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Improve Fire Prevention and Suppression Reduce Hazardous FuelsRestore Fire Adapted Ecosystems Promote Community AssistanceSummary

 

WGA Goal - Restore Fire Adapted Ecosystems


Actions to meet goal

  • Perform burned area stabilization and rehabilitation work in emergency areas
  • Restore burned areas and repair and improve lands unlikely to recover
  • Place priority on at risk watersheds that have been damaged by wildland fire
  • Establish native seeds and other plant material
  • Publicize and train in the use of minimum impact suppression activities
  • Promote research of effective restoration practices
  • Research interactions between fire, land management and other disturbances

There is not much happening in La Plata County in terms of restoring fire adapted ecosystems beyond the Missionary Ridge and Valley Fires rehabilitation efforts. The most impressive example of restoration in the five county area is the Ponderosa Pine Partnership in Montezuma County.

The Ponderosa Pine Partnership

A group of county government officials, national forest managers, university researchers, loggers and local folks, emerged out of gridlock on the National Forests in 1992 to demonstrate that rebuilding forest health can support a commercially self-sufficient timber program. The objective is forest restoration where historic ponderosa pine stands are replicated. The goal is to do mechanical thinning and prescribed fire, to produce openings where groups of ponderosa pine are recreated. The prescription tries to appreciate the natural variability within the system and approximates 40-60 trees per acre, clumped with large tree components. There is no diameter cap. Controlled burning is allowed to reintroduce fire into the ecosystem. The U.S. Forest Service (USFS) retained responsibility for post-harvest burning.

In 1995, pilot projects on 550 acres San Juan National Forest (SJNF) land and 300 acres of private land were thinned to pre-1870 reference conditions and treated by controlled fire. The timber sale was contracted to Montezuma County for $9,999 for research and demonstration. The county resold timber to local loggers for $30,000 and used the profit to fund ecological and economic research. The first timber sale resulted in an economic loss for the loggers, so the group had to figure out a way to make the Partnership work economically for the loggers. The second sale came closer to allowing the loggers to turn a profit. The goal is to keep approximately 900 acres per year under the restoration prescription and fashion sale opportunities to meet the needs of existing local industry while monitoring vegetation responses on all restoration activities. Since the first sale the Partnership has offered 12 timber sales ranging from 15 to 1,480 acres.

As of 2003, the Ponderosa Pine Partnership has restored 3,650 acres of ponderosa pine forest, with a total of 8,000 acres under contract to be treated. The first contract was let beginning in 1995 and the most recent in 2002. One of the problems is that under these contracts, the contractor can delay the cutting. The cutting began for the demonstration site in 1996, but the majority is just now being cut in 2003. Nine different contractors have been used with two main contractors, Ragland and Sons and Intermountain Resources, LLC. On average, 1,000 acres per year are being contracted out. The USFS is trying to put up sales on a regular basis to give industry a pipeline of work. None of the projects have been litigated. The by-products had been going to the Louisiana Pacific mill in Olathe for small diameter house logs (9-14 inches), but in 2002 the Louisiana Pacific mill stopped taking the small diameter material. They had been utilizing the wood at a loss because of the high transportation costs due to distance to site. Ragland and Sons in Montezuma County now has emerged to take small diameter material and is turning it into landscape mulch. They are also composting some of the by-product.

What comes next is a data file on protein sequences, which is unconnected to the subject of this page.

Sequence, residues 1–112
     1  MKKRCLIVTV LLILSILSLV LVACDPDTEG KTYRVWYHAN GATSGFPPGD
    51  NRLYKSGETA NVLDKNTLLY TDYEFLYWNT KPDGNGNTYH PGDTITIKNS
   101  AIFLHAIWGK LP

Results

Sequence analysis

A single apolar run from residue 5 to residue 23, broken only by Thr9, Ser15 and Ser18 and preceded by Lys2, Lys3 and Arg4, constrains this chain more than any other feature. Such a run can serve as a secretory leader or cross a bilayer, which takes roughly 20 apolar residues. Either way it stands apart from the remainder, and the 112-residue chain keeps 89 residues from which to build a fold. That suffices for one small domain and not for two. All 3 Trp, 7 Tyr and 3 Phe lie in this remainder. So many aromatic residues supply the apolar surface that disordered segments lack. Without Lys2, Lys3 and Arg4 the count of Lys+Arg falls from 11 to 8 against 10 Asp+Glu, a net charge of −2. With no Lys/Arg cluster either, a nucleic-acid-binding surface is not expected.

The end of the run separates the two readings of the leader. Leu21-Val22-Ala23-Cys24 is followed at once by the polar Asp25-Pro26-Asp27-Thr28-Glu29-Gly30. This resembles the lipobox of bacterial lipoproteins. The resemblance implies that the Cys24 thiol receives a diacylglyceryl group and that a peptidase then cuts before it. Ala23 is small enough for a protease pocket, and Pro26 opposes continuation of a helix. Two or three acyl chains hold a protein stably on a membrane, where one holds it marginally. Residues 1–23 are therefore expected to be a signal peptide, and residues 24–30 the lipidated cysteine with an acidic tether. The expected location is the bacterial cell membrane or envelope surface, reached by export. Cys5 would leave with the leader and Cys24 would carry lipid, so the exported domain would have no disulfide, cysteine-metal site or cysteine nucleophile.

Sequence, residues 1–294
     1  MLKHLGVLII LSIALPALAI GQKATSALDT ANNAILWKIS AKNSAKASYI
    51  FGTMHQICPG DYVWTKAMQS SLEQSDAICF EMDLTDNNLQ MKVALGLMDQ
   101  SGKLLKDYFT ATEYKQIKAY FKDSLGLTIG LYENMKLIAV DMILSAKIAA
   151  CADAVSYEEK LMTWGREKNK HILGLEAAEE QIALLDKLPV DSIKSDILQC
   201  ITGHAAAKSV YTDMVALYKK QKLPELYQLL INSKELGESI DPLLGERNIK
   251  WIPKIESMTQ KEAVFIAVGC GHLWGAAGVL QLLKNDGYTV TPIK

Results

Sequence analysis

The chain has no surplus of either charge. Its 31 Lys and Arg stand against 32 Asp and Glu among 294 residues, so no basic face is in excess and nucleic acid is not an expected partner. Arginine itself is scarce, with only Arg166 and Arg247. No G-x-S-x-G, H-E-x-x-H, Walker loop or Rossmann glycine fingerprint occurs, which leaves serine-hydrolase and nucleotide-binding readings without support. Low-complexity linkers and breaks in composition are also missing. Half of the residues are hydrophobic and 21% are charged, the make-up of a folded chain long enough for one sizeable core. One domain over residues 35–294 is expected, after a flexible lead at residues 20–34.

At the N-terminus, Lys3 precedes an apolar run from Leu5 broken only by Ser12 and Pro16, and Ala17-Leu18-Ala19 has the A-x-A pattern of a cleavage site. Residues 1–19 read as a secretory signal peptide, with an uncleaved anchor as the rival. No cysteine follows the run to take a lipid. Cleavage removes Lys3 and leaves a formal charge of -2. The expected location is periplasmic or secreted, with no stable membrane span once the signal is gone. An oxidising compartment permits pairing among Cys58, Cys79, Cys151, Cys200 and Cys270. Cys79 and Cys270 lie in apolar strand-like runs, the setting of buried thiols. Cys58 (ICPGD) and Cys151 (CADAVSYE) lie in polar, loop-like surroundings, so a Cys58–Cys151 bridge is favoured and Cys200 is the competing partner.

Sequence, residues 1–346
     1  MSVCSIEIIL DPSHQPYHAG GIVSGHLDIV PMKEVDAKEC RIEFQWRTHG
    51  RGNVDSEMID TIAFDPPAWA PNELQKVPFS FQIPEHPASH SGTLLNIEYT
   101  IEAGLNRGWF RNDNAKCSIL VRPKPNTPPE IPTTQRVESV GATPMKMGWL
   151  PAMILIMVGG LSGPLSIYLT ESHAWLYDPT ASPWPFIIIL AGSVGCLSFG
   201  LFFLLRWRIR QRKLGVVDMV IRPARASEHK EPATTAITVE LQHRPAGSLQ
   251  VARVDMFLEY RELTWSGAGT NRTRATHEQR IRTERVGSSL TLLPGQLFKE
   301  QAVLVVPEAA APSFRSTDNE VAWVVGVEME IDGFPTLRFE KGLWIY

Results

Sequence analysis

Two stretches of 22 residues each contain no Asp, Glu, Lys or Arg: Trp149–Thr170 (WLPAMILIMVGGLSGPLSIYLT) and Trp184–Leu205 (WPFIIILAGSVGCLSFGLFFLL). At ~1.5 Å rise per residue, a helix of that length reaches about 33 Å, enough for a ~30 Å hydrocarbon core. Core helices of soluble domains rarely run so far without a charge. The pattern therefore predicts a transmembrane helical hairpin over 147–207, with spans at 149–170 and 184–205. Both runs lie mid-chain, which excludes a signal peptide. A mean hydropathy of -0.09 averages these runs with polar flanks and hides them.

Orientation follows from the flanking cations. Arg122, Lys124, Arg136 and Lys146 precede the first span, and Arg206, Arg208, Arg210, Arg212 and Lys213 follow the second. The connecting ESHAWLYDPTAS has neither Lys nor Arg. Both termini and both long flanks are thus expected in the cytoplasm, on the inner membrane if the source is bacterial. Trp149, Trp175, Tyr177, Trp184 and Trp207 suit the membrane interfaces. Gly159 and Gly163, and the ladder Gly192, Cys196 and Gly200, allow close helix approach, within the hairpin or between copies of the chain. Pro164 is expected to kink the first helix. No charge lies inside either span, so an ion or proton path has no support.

Missionary Ridge burn map

 

Missionary Ridge Fire Rehabilitation

In 2003, San Juan Public Lands Center received $1.9 million for rehabilitation of the Missionary Ridge Fire. About 13,000 acres of Missionary Ridge Fire area were burned severely, causing erosion and debris flows. In 2002 SJPLC received $4.5 million to complete a Burned Area Emergency Rehabilitation (BAER) plan. About half of that money was spent on emergency stabilization to prevent additional damage and minimize threats to life and property. BAER projects planned for 2003 include continued operation of early-warning weather stations, landslide assessment monitoring and mapping, erosion control efforts on trails in the burned area, culvert installation on Missionary Ridge and Pine River Roads, reseeding of up to 18,000 acres of severely burned land and reconstruction of log-erosion barriers. Other treatment for long-term rehabilitation included in the $1.9 million for 2003 include removal of hazardous trees along Missionary Ridge Road, work to make other roads in the burned area safe for travel, invasive plant treatments, insect and disease control, restoring water developments for wildlife and livestock, fence repair, seed collection and planning for reforestation and rehabilitation of fire lines.

picture of flood sign

 


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Copyright©2003 Toddi A. Steelman and North Carolina State University